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AMS students aim for state robotics win

December 2, 2011

By COLLEEN MCCARTHY
sdnedu@bellsouth.net

Two groups of Armstrong Middle School students will go up against teams from around the state today in the First Lego League robotics competition in Hattiesburg.
The students have worked very hard over the last few months to get ready for the competition. They split up into two teams — the Gladiators and the Shadow Ninjas — and have worked together to build and program a robot to solve a problem.
“I am very, very proud of this group. Both of these groups have worked very hard. Their robots look great. Their research projects look great,” teacher Jackie Wilt said. “From where we were last year to where we are now is just a huge change. Last year was our beginning year, so we didn’t know what to expect. We’ve taken it to a whole new level this year, and I expect them to do very well at the competition.”
The competition theme this year is “Food Factor.” The students have researched the problem of food contamination and tried to come up with a solution.
“You have to research a food item and figure out how it gets spoiled — like in a refrigerator, is it in the grocery store or on the way to it, is it in the slaughter house or things like that,” Bryton Heiselt said.
Each team chose a different food item to study and research.
“We picked an apple. Apples are one of the most contaminated fruit — 98 percent of apples have at least a little contamination,” Michelle Li said. “Most people just rinse their apples off and eat it, but that’s not good for you. You can get really sick — like nerve damage and cancer. If you scrub your apple, it highly reduces the contamination.”
Team Shadow Ninjas came up with a device that will clean an apple, which they call the “Scrapple.” The apple is placed in the container, and several sponges clean the apple of contaminates.
“They’re actually having it tested at Mississippi State to test the amount of bacteria and stuff that are on the apple before using their creation of the Scrapple and after their creation. It’s still being tested but they’re trying to see how well it works,” Wilt said.
The Gladiators chose ham as its food for the challenge. Through the team’s research, members discovered ham is most likely to be contaminated in the refrigerator at home.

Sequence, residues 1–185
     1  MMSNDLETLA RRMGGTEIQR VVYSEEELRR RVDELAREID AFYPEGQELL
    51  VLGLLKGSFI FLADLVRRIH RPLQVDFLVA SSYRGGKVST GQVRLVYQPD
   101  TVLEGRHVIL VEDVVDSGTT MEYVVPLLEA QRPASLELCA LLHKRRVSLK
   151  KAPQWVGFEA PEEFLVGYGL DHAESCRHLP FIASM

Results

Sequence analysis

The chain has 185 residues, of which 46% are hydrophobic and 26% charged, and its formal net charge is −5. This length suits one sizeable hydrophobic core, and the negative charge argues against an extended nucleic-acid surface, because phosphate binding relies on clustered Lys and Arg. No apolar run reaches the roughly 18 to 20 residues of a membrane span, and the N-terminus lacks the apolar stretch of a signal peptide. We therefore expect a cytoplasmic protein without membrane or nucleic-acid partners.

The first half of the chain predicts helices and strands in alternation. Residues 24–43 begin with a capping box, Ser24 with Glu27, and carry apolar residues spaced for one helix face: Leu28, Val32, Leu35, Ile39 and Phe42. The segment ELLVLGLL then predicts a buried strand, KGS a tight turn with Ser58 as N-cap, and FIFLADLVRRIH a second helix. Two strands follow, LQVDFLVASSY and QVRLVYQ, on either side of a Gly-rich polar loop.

“The refrigerator is set way too high and so some people just need a reminder. A lot of people don’t know what temperature it’s supposed to be,” Lucas Elder said. “We went to houses and we checked their refrigerators, and only about one fourth of the houses had the right temperature.”
The best temperatures for storing food is between 35-45 degrees. To remind people to check the temperature of their refrigerators, the team made magnets with a notice and suggested people keep a thermometer inside the refrigerator.
The teams have built and programed their robots to complete tasks on a course related to the food contamination theme. There is only a small space on the course team members can even touch the robot, and there are no remote controls. They will simply set the robot on the course, and the rest is up to the program they’ve installed on the robot. If they set up the robot in the wrong place by even the slightest bit, it will miss the targets and won’t complete the tasks.
The teams are also judged on their ability to work together and maintain a positive attitude. All the teams developed a list of core values they felt were important to remaining professional and courteous throughout the competition. They will be given a secret challenge that will help them display teamwork under pressure.
“The things we mostly want to do is have fun and work as a team,” Montario Montgomery said.
Last year, the AMS team won the secret challenge, and members hope to do so again this year. It hasn’t always been easy, but they have learned a lot over the last few months about the importance of working together.
“They have struggled. I will tell you that this group I have in here are all leaders. They all like to be in charge, not all but most. So we’ve had to work out ways to listen to each other and listen to each other’s ideas, and not talk over each other, which some adults have trouble with too,” Wilt said. “We’re teaching skills now that they can use in all classes and later on in life. It’s not about winning the competition — that’s probably at the bottom — it’s about all of the other things that we do in this class. I’m really trying to teach these kids to use their mind to think, to problem solve and learn how to work with other people in a stressful environment. They have rose to the occasion and done very well.”
Even though the classmates will be competing against each other today in Hattiesburg, the students have kept a good attitude and been willing to help each other out.
“To me, that displays the core values more than anything because they help each other. If one group is having trouble, one of the other team members will come and help them,” Wilt said. “It’s really allowed them to work together even though they’re not required to. They’ve done it on their own, and I really like seeing that because that’s what this is all about.”

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